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Investigation finds evidence of child neglect in death of Bowen Levy

Bowen 2.jpg
Posted at 6:33 PM, Mar 11, 2020
and last updated 2020-03-11 20:38:06-04

ANNAPOLIS. MD. — The Anne Arundel County Department of Social Services (DSS) found evidence of child neglect in the death of a 17-year-old Central Special student last November.

Bowen Levy, a nonverbal student with autism, also had Pica, a disorder where he would compulsively put things in his mouth, including non-food items.

On November 5, 2019, Bowen ingested a rubber glove while at school and tragically died.

“It was 10 days before his 18th birthday,” said Bryan Levy, Bowen’s dad. "He had no jealousy, he had no envy, had had none of the things that make the rest of us small. He was a big-hearted kid."

The Levys know how their son died, but four months after his death, they still don’t know why it happened.

“We’d gone to the school three years prior and said, ‘Hey, we’re really concerned about Bowen because he really needs care and we understand if you don’t have the resources to provide that.’ And the school system came back and said, no, no, no we don’t want any private placement. Absolutely we can take care of him here, so he can have a one-on-one aid for his safety,” said Levy. “It was promised to us in his legal binding document, in his IEP, and that didn’t happen this year.”

While DSS concluded it is more likely than not that someone was not providing Bowen with proper care and attention, investigators were unable to determine the identity of the individual responsible for Bowen gaining access to the glove.

“They didn’t tell us anything. And then when we reached out to say, can we have more information on this? The response was well, the school system hasn’t finished their investigation yet,” Levy said.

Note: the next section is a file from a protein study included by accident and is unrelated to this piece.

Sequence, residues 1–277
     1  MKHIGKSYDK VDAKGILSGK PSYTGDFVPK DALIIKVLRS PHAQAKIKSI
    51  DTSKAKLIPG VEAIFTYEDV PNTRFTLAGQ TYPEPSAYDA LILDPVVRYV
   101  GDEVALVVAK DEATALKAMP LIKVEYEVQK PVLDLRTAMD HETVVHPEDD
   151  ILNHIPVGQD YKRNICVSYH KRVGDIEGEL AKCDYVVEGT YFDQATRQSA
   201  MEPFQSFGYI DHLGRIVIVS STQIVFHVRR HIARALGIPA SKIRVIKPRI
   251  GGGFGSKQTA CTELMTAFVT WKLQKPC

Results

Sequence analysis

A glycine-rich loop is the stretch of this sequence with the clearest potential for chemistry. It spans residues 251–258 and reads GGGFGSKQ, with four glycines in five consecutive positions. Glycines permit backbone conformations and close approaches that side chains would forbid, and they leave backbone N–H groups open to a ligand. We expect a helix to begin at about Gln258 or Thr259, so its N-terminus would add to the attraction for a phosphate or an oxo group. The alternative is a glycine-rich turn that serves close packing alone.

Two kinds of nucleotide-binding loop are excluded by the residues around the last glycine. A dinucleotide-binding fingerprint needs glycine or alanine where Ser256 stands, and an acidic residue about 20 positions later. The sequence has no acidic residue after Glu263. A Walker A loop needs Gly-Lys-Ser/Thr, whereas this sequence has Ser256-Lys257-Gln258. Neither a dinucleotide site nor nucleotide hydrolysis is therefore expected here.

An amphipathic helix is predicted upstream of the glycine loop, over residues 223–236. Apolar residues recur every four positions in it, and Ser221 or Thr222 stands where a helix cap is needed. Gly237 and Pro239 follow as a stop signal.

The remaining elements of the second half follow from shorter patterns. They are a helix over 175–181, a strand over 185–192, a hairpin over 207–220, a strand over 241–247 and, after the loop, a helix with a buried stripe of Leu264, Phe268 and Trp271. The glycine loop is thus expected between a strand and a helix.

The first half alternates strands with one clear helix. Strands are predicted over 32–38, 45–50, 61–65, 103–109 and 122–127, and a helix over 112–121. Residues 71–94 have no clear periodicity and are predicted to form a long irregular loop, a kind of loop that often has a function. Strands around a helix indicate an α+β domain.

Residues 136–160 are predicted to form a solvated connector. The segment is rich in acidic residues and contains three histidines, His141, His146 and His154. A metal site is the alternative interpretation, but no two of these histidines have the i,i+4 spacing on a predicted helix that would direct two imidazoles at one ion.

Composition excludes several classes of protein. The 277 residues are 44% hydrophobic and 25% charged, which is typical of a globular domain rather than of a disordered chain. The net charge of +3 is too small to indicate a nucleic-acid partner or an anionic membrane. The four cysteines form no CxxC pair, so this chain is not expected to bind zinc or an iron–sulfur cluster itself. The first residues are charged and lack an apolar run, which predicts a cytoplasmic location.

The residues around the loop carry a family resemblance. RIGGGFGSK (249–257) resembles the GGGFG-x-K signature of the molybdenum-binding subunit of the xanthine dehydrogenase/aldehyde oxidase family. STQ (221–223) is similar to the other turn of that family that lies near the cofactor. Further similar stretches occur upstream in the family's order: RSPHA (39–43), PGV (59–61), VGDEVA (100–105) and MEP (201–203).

Bob Mosier, a spokesperson with the Anne Arundel County School System said their investigation is still ongoing, but they expect it to be completed soon.

In the meantime, Levy has struggled to get important details about what happened, and worries that if aides aren’t where they should be, someone else’s child may be at risk.

“I can’t bring my son back but I do have the ability to make sure that his legacy is that this doesn’t happen to anybody else, no other family, no other child goes through this. And in order for that to happen that requires complete transparency, so I requested from the Superintendent of the school – how many other aides are not where they were promised? Where is that deficiency? How big of a problem is it? Because other parents should be able to know if they’re going to school and they’re not safe,” said Levy.

As part of its investigation, the school system is focusing on policies, procedures, what was followed, and what, if anything was not.

When asked how the Levy family can trust the school system to investigate itself, Mosier said DSS did the investigation into Bowen’s death. The school system’s investigation is more broad in that it examines adherence to policies, procedures, and protocols.

The Anne Arundel County Police Department is not investigating because the neglect was not found to be criminal neglect. The Maryland State Department of Education also said they’re not investigating the incident at this time.

Levy will continue the Bowen Foundation for Autism in his son’s memory. The foundation awards grants to local families who are struggling to pay for needed services to benefit children with autism.

And in his final act, Levy said Bowen donated his organs to help save others.

During next week's meeting, the Anne Arundel County Board of Education plans to review a bill in the General Assembly that would put cameras in self-contained special education classrooms.

RELATED: Lawmaker wants cameras in special education classrooms following reports of unexplained injuries

In February, several parents testified in Annapolis that their nonverbal autistic children came home from school with unexplained injuries, and they believe cameras would better protect students and teachers.

The Board will hear from the school system’s legislative and policy counsel, special education teachers, families, and the public before taking a position on the bill.